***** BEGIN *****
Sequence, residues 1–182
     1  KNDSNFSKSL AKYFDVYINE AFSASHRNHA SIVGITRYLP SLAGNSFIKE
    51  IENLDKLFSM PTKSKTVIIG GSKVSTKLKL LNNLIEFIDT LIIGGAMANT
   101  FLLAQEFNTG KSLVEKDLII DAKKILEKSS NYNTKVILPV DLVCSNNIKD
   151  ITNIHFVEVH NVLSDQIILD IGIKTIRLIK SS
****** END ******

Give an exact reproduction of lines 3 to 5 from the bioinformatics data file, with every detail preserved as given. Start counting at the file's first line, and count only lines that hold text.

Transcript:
    51  IENLDKLFSM PTKSKTVIIG GSKVSTKLKL LNNLIEFIDT LIIGGAMANT
   101  FLLAQEFNTG KSLVEKDLII DAKKILEKSS NYNTKVILPV DLVCSNNIKD
   151  ITNIHFVEVH NVLSDQIILD IGIKTIRLIK SS